We are in the midst of the third shutdown of the Internal Revenue Service (IRS) in the past five years. Is now the time for the real estate industry to break its dependence on the IRS as a way of avoiding delays and harm to the industry?
As a tax controversy attorney I often find myself in the middle of real estate transactions. I work with buyers and their agents to file delinquent returns, resolve tax debts, and establish installment agreements that won't limit their ability to borrow. I work with sellers and their agents to resolve balances due to the IRS and State, obtain lien releases, and secure accurate demands for tax debts. These transactions are often difficult to complete within the escrow period under the best of circumstances. When the IRS is involved, but isn't available because of a government shutdown a transaction can be impossible to complete.
IRS Involvement in Real Estate Transactions
Buyers, sellers, agents, lenders, and escrow are all dependent in one way or another upon services provided by the IRS. With the government shutdown in its third week these services aren't being provided and have the potential to delay or doom transactions.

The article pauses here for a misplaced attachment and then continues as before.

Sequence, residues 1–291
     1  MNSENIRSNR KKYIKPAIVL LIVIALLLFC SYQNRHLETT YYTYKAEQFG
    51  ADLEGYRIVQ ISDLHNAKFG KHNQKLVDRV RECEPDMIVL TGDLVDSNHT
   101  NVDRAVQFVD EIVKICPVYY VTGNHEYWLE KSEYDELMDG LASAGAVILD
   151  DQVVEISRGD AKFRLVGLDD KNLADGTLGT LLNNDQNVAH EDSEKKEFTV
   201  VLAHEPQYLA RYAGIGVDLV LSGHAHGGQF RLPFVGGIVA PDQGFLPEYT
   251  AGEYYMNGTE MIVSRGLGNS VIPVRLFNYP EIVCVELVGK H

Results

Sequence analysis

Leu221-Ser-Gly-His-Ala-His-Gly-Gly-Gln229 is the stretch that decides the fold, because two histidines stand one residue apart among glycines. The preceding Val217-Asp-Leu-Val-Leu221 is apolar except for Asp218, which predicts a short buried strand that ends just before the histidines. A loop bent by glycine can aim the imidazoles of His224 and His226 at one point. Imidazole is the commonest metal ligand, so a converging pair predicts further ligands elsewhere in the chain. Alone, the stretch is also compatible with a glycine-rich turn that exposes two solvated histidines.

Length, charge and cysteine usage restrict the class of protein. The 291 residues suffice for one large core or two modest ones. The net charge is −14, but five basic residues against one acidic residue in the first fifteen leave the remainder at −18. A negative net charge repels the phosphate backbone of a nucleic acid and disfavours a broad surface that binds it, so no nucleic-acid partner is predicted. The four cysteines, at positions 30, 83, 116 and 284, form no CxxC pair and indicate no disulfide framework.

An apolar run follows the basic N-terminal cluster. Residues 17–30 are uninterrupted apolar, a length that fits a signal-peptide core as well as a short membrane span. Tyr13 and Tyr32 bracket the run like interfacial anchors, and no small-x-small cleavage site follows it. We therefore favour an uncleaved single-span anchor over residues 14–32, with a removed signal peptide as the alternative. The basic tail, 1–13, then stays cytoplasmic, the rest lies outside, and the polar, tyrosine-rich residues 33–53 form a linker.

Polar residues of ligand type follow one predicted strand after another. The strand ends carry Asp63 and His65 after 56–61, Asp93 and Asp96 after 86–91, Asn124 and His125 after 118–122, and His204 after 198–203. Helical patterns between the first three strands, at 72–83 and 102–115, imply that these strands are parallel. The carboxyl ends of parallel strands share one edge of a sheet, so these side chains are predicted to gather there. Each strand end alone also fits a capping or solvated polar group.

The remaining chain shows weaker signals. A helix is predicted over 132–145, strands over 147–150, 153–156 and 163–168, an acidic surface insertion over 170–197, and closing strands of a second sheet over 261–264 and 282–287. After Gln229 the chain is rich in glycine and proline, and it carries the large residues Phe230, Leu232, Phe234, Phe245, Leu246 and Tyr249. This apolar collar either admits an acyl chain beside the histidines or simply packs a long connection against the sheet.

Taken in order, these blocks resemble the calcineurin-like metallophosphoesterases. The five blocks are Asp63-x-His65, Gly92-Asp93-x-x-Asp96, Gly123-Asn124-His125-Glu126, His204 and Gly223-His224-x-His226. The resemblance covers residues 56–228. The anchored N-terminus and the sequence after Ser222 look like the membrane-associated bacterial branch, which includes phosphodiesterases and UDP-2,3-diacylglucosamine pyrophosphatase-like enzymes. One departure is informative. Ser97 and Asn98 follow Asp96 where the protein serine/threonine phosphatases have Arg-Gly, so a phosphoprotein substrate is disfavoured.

For many loans, the buyer's income is verified in part through tax returns and tax return transcripts obtained using Form 4506-T. If the buyer has a Federal tax debt then verification of an installment agreement is generally required for purposes of calculating their debt-to-income ratio.
Sellers with Federal tax liens filed against them must obtain a demand and release from the IRS. If the lien will be paid in full, then this is a document that can obtained within a few days. If the tax lien will not be paid in full, then a minimum of 30 days is required to obtain the demand and release. If the IRS is closed over a budget impasse this document isn't produced at all and the transaction is delayed.
Lenders rely on IRS tax transcripts to verify income and many won't fund until the transcripts are received directly from the IRS. If the transaction is a refinance involving an IRS tax lien, then a demand and release must be obtained to ensure clear title.
Escrow can't complete a transaction until the loan is funded based off of IRS tax return transcripts (see above) and lien demands have been secured (see above).
Agents are at the mercy of the IRS for the all of the above issues and can't close a deal or receive their commission until the IRS has done their part.
If the IRS, as an essential component of many real estate transactions is increasingly unreliable, then it's time to minimize their role in the industry. Based on your experience in the industry, what can be done?